It is the first time the British side has put a figure even unofficially on the so-called divorce bill, one of the biggest sticking points in the Brexit negotiations.
However, it falls well short of the 100-billion-euro ($118 billion) sum discussed in Brussels.
The newspaper report, based on unnamed government sources, said Britain would pay this only if the EU agrees to negotiate the financial settlement as part of a future trade deal.
Brussels has said progress must be made on the divorce bill, as well as the rights of European citizens living in Britain and the Irish border issue, before any talks can start on a free trade agreement.
EU Brexit negotiator Michel Barnier has warned that the trade negotiations, which Britain hopes will start in October, may be pushed back to December because Britain is stalling on the bill, diplomats said last month.
British officials are looking at proposing a transition deal where Britain would continue to make net payments to the EU of 10 billion euros a year for up to three years after it leaves in March 2019, the Telegraph said.
- 'International obligations' -
This money, paid in return for continued access to Europe's single market, would be a "partial down-payment" on the final bill.
Prime Minister Theresa May's government refused to comment Sunday on "speculation", although a source told AFP that Britain "will meet our international obligations, but not pay more than we need to".
But he said the "methodology" for determining how much Britain must pay should be worked out during the first phase of the Brexit negotiations -- which is due to end in October, before trade talks begin.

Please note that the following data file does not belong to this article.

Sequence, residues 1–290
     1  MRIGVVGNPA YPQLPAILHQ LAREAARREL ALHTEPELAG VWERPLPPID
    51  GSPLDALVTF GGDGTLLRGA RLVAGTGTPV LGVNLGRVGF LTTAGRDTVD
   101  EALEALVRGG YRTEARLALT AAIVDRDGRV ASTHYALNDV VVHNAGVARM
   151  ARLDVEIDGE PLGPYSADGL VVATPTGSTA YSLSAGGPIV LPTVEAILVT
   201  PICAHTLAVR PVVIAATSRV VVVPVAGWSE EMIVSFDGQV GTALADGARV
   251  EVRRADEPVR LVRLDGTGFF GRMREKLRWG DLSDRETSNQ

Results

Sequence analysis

A number of senior EU officials have previously confirmed to AFP the estimate of 100 billion euros -- a figure British ministers have rejected as "ridiculous".
EU officials have also said the total figure may eventually come down because of jointly-held assets that the EU must reimburse Britain for. One earlier estimate put the figure at 60 billion euros.
After the referendum vote for Brexit last year, London began the two-year process of ending its membership of the EU in March.
Formal negotiations with the EU began in June, with the next round of talks between Barnier and British Brexit Secretary David Davis due to resume in Brussels on August 28.
EU leaders meeting at a summit in October must agree there has been "sufficient progress" in the early talks before agreeing to move onto trade negotiations.
Britain is keen to agree a new free trade agreement to replace its membership of Europe's single market, which May wants to leave in order to end free movement of workers into Britain from the rest of the EU.
(Except for the headline, this story has not been edited by NDTV staff and is published from a syndicated feed.)